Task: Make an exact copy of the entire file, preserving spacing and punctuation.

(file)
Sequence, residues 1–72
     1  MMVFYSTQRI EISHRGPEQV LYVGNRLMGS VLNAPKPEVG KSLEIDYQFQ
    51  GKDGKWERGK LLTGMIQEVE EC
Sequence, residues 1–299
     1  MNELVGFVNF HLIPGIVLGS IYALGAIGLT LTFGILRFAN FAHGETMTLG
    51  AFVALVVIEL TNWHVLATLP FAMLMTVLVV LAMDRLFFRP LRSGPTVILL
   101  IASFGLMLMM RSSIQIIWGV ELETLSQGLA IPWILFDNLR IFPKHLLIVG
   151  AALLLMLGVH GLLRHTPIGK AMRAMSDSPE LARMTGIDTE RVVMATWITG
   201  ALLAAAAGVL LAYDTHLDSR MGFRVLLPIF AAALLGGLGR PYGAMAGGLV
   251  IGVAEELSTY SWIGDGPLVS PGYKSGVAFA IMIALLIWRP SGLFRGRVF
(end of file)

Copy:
Sequence, residues 1–72
     1  MMVFYSTQRI EISHRGPEQV LYVGNRLMGS VLNAPKPEVG KSLEIDYQFQ
    51  GKDGKWERGK LLTGMIQEVE EC
Sequence, residues 1–299
     1  MNELVGFVNF HLIPGIVLGS IYALGAIGLT LTFGILRFAN FAHGETMTLG
    51  AFVALVVIEL TNWHVLATLP FAMLMTVLVV LAMDRLFFRP LRSGPTVILL
   101  IASFGLMLMM RSSIQIIWGV ELETLSQGLA IPWILFDNLR IFPKHLLIVG
   151  AALLLMLGVH GLLRHTPIGK AMRAMSDSPE LARMTGIDTE RVVMATWITG
   201  ALLAAAAGVL LAYDTHLDSR MGFRVLLPIF AAALLGGLGR PYGAMAGGLV
   251  IGVAEELSTY SWIGDGPLVS PGYKSGVAFA IMIALLIWRP SGLFRGRVF